Source: Minister decries natural resources’ exploitation | The Herald November 1, 2017
Sukulwenkosi Dube-Matutu Bulawayo Bureau
THE Minister of State for Matabeleland South Provincial Affairs, Ambassador Aaron Maboyi, has urged local authorities within the province to put in place by-laws to guard against the exploitation of natural resources at the expense of locals. In an interview, Ambassador Maboyi said private cattle buyers were duping villagers while outsiders were exploiting mopane worms which were found in the province.
He said local authorities needed to put in place measures to control these activities. “People are being exploited very badly through activities of private cattle buying in communal areas. These buyers don’t follow the principles of public auctioning and they organise their own auctions where they buy cattle at low prices.
“On the other hand, we have outsiders that flock to the province and harvest mopane worms at the expense of locals. Local authorities have to put in place by-laws to guard against such activities. If these by-laws are already in existence, councils should enforce them to ensure that they don’t only exist on paper, but are implemented,” Ambassador Maboyi said.
He said there was a need for the resources to be protected as they were a main source of wealth for most locals. “Mopane worms are a major source of wealth in the province because this is the only area which produces them. This presents a great opportunity for locals to commercialise mopane worms, but unfortunately at the time of harvesting outsiders exploit the resource leaving locals with nothing. The outsiders harvest the mopane worms and don’t remit anything to council.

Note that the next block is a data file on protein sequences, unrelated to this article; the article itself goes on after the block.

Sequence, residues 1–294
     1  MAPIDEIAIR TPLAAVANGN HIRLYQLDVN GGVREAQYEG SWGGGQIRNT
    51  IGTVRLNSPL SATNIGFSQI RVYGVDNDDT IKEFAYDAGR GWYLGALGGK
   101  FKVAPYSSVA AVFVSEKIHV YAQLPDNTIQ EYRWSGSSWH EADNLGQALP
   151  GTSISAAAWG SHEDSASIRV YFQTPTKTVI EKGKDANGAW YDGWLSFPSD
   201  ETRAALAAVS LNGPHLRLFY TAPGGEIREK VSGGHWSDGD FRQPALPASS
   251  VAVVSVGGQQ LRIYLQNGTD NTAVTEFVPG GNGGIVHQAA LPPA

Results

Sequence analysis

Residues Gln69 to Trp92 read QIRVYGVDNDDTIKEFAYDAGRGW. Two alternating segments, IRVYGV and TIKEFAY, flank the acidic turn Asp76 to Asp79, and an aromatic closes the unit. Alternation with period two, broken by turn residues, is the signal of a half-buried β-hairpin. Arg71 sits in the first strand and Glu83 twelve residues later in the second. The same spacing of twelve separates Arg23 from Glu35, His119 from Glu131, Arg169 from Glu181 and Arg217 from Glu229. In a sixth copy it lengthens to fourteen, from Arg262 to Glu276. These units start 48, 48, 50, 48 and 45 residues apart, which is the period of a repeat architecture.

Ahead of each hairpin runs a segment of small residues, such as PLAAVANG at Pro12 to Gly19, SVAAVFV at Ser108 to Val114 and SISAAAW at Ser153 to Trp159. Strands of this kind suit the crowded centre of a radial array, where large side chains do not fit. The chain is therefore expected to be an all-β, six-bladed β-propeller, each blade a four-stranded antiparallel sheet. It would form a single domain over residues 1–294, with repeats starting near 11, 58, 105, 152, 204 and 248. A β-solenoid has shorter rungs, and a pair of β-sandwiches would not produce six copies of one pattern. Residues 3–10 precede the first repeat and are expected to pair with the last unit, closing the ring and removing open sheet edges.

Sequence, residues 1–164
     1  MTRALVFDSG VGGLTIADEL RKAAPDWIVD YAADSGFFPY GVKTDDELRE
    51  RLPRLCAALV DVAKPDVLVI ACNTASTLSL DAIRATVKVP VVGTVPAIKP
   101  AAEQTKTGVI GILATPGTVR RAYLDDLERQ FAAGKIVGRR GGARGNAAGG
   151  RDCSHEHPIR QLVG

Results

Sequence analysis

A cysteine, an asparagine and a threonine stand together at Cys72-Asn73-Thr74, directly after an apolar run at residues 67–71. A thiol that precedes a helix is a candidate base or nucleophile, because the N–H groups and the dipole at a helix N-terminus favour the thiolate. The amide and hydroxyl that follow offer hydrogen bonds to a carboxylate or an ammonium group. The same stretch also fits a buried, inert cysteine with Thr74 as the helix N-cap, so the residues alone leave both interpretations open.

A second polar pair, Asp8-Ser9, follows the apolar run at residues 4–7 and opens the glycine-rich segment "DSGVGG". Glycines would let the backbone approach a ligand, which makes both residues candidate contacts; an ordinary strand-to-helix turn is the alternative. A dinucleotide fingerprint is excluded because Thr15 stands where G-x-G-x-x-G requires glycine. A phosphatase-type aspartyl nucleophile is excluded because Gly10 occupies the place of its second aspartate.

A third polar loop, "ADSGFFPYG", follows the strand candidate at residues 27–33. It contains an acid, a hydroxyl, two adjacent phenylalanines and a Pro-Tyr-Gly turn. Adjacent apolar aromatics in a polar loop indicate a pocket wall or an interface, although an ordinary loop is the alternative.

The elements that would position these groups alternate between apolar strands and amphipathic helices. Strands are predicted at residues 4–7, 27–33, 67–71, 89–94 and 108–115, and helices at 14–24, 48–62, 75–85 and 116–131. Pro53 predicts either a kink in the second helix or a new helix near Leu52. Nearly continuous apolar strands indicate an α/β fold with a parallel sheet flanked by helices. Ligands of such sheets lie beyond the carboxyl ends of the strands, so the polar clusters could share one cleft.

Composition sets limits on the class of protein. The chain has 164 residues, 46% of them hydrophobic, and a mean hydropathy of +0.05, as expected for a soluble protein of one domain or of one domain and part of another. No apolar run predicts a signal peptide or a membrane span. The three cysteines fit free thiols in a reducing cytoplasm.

“Matabeleland South province is also rich in livestock production, but communal farmers are being short-changed by private buyers and they eventually get little money in return for their wealth,” Ambassador Maboyi said.
He said in South Africa mopane worms were being processed into stock feed while there was a ready market for mopane worms internationally, but it could only be viable once the harvesting process was controlled and supervised.
Ambassador Maboyi said there was also a need for local authorities to engage traditional and community leaders to assist them in enforcing by-laws. He said community leaders also have to be capacitated on the economic value of natural resources found in the province so that they guard them jealously. Bulilima Rural District Council chief executive officer, Mr John Brown Ncube, recently said they were struggling to contain illegal buying of cattle in the district as the police and other Government departments were allegedly facilitating this illegal activity by clearing animals purchased illegally. He said some private cattle buyers were also conducting cattle sales in the middle of the night to avoid paying levies to the local authority.